Ministry of Education is examining agreements between universities and online degree programs

The Department of Education said on Wednesday it would examine whether a controversial 2011 provision allowing universities to split tuition fees with for-profit online education companies could contribute to rising student debt.

The department also issued guidance to require universities to disclose more details about dealings with companies offering their online degree programs.

Student officials say the tuition-sharing arrangements are encouraging education technology companies to hire more students, leading to aggressive marketing and confusion among students about which parts of their education are being offered by the universities versus the companies.

“Online education has the potential to meet the needs of many students and reduce costs,” Under-Secretary for Education James Kvaal said in Wednesday’s announcement. “But we’re concerned about credit debt growth and want to make sure students are getting bang for their buck.”


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The moves come after Democratic lawmakers in December asked the Department of Education to increase its oversight of deals between online program managers and universities. Lawmakers, including Sen. Elizabeth Warren (D., Mass.) and Rep. Rosa DeLauro (D., Conn.), cited Wall Street Journal reports showing that online program managers often retain up to 60% of students tuition and spend large sums of money to aggressively recruit and market students, including minorities.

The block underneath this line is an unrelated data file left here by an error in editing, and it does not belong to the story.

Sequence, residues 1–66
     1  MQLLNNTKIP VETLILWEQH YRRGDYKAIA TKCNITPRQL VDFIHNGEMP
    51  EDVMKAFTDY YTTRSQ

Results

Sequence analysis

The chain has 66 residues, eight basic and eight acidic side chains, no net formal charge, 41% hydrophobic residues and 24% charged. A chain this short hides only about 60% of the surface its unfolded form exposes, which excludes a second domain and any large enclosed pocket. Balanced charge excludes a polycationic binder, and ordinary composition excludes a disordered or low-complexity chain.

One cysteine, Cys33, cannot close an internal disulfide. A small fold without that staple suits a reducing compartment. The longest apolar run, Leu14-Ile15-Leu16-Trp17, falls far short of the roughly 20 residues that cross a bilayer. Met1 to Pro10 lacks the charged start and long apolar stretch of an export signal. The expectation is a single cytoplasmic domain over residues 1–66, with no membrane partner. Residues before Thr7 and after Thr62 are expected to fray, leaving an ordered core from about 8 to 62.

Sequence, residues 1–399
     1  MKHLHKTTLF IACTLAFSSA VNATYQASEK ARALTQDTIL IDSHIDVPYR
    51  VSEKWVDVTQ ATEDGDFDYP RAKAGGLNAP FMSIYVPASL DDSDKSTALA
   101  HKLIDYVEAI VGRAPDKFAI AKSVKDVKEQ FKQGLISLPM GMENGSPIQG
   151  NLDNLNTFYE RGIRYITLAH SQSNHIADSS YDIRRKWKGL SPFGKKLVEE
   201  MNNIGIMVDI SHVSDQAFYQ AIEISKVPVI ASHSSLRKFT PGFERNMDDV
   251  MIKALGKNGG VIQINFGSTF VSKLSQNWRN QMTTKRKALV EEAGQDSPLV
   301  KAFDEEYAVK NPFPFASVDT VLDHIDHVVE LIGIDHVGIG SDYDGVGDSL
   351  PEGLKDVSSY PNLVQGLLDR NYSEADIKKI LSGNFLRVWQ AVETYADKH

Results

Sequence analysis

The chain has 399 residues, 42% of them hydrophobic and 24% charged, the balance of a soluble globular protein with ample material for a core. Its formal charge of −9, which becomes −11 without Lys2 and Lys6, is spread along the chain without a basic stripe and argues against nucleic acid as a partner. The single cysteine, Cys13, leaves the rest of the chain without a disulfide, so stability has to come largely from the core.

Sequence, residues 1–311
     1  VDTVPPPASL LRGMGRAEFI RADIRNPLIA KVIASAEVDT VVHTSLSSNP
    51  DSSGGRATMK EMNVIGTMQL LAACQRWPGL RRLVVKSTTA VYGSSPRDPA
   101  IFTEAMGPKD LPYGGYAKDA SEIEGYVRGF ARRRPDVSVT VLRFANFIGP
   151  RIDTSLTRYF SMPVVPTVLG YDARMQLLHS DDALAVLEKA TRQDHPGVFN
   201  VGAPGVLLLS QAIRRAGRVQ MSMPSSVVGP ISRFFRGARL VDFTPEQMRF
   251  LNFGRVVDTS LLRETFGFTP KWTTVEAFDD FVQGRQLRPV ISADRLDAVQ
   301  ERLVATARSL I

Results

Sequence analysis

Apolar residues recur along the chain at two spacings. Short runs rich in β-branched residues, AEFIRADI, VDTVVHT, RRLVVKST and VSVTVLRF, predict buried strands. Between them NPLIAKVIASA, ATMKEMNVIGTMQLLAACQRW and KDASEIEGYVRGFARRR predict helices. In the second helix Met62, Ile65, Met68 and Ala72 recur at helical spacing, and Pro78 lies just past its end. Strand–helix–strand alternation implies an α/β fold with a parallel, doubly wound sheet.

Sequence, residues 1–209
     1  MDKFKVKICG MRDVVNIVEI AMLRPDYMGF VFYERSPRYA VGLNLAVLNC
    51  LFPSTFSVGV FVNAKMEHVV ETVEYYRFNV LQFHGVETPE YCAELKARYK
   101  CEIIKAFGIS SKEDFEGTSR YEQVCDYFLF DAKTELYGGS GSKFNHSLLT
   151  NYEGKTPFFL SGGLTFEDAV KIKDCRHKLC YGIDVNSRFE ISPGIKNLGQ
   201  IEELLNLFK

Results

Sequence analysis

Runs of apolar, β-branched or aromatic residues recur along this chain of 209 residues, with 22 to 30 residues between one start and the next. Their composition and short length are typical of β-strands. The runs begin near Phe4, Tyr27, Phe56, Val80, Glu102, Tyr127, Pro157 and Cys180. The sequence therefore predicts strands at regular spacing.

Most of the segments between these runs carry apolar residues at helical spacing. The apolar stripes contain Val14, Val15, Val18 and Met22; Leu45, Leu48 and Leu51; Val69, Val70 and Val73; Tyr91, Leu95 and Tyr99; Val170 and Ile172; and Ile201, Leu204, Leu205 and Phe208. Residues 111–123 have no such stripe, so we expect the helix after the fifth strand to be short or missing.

The Higher Education Act prohibits colleges and universities from offering incentive compensation based on recruitment or financial aid. In 2011, the ministry issued an exception to the ban that allowed companies to share classes with schools, so long as the companies not only recruit students but also provide a bundle of services like course design and counseling.

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Since then, the number of for-profit online education businesses has increased dramatically along with online student enrollment. The expansion has allowed colleges to offer more graduate programs and other degrees and certificates — often without cutting tuition to reflect the lower costs. The partnerships have been controversial, and school officials who say the programs often have lower standards contrast those who say they make it easier for students from a variety of backgrounds to earn degrees.

In response to the Department of Education’s announcement on Wednesday, 2U Inc., one of the largest managers of online programs, said it welcomed the opportunity to exchange views with the department. “2U is consistent with the Department’s goal of ensuring students can achieve strong outcomes from their investments in higher education,” the company said in a statement.

Last May, the US Government Accounting Office released a report recommending that the Department of Education should increase its oversight of contracts between universities and online program managers and investigate whether tuition-sharing arrangements are consistent with the law. The Department of Education said universities have until May 1 to report their third-party companies, the services they provide and the timeframes of the agreements.

Write to Lisa Bannon at [email protected]

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